My culture and life experiences are drastically different from Professor Butler’s. I was born in a sparsely populated shrimping community ten miles east of Bayou La Batre, Alabama far away from the gritty backdrop of the hip hop community. Many of the problems the professor encountered are alien to me and my experience. I have a different heritage, drastically different political beliefs, and a collection of problems separate from those of the black and hip hop communities. Seemingly, the problems of a community so different from mine could in no way affect me or my community. However, through taxation to fund the never ending war on drugs, the erosion of civil liberties, and a growing prison population the problems of the few are fast becoming the problems of the whole. These social and ethical dilemmas are a principal concern to the nation, and especially to those involved in the dispensation of justice.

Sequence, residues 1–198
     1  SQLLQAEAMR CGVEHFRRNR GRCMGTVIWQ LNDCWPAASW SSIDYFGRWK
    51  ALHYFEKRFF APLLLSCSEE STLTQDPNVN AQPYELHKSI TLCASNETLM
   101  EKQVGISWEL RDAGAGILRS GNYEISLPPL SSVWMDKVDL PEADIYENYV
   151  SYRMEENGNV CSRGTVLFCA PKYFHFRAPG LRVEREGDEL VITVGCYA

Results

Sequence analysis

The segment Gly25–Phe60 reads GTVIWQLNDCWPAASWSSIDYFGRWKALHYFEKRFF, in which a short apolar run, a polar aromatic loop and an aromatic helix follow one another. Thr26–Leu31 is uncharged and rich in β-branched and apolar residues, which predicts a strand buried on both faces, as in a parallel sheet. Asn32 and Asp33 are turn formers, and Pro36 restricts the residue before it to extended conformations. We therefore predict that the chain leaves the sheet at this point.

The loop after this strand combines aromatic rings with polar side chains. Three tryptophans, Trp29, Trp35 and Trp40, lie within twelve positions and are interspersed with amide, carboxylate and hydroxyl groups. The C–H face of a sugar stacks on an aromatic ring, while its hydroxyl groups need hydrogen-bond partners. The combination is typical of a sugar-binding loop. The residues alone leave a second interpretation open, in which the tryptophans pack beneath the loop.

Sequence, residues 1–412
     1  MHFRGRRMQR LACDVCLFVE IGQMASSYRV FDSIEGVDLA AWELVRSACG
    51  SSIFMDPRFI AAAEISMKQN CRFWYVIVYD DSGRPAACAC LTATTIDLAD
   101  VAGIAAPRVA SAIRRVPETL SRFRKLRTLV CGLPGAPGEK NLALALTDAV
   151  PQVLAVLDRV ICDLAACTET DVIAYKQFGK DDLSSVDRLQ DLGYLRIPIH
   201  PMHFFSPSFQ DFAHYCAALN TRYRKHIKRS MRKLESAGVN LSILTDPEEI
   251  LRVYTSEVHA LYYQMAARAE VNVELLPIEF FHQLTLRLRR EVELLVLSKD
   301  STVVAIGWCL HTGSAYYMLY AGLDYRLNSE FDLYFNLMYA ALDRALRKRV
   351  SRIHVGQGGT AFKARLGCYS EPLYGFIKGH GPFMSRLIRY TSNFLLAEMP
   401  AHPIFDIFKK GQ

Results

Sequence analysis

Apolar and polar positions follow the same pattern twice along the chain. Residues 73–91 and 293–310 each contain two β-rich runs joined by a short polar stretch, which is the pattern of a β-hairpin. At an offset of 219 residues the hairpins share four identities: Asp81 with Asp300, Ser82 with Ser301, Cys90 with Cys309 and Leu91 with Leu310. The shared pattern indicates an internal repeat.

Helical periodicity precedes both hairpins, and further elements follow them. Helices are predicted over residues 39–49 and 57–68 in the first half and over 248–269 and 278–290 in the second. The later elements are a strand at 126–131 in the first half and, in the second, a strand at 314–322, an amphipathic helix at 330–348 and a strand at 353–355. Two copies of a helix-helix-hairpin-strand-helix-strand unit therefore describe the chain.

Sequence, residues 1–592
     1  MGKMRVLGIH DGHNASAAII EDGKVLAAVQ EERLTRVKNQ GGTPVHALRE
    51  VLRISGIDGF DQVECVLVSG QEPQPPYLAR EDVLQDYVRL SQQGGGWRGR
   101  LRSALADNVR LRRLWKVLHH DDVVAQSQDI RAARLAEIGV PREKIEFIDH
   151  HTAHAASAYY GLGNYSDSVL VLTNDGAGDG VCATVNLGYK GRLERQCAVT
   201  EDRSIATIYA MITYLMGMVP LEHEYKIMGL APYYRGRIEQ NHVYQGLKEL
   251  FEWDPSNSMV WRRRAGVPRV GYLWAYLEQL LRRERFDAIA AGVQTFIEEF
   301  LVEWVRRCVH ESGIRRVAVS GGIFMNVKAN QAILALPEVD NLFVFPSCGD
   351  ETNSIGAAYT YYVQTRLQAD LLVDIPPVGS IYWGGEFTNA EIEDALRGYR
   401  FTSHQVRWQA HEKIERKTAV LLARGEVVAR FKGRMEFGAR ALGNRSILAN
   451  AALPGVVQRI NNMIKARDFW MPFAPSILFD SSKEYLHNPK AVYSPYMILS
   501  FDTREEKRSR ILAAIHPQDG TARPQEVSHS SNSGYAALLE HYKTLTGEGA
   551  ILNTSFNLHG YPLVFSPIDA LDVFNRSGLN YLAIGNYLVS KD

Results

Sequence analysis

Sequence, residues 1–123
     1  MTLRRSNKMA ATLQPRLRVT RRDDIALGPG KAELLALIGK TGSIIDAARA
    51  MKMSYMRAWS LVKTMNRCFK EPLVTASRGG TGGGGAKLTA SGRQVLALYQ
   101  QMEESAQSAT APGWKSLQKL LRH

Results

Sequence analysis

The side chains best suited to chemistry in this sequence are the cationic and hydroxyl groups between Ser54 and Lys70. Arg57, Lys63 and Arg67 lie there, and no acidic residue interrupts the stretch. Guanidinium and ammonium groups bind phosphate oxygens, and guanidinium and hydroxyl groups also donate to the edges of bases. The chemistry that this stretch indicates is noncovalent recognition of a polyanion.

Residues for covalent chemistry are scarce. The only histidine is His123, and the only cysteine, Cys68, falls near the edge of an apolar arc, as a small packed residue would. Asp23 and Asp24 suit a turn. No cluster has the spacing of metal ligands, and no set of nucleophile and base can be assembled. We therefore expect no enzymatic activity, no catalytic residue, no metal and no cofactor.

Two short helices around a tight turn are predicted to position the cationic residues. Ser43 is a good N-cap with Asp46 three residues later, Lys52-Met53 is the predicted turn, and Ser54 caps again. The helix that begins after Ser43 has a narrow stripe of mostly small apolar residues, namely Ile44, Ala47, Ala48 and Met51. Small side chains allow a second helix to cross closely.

I had no idea as I sat in that tiny room so long ago that I would even have an opportunity to discuss such problems, let alone be in a position to attempt to solve them. Much like my first few months at law school cured me of my misconceptions of the law, because of Professor Butler’s book, I view the law with less naiveté. However, I also view the future of the justice system with more hope. Professor Butler’s courageous story and his unorthodox proposal reassure me that even in a situation where there is no existing legal authority to solve an ethical or legal problem, I can always look to the society from which the law springs for direction. Regardless of the source, as a society, we must look somewhere for solutions to the growing problems we face in the criminal justice system. It makes sense then to at least consider the ideas put forth by Professor Butler, because even if a hip hop theory cannot solve our problems, it may at least spur movement in the right direction.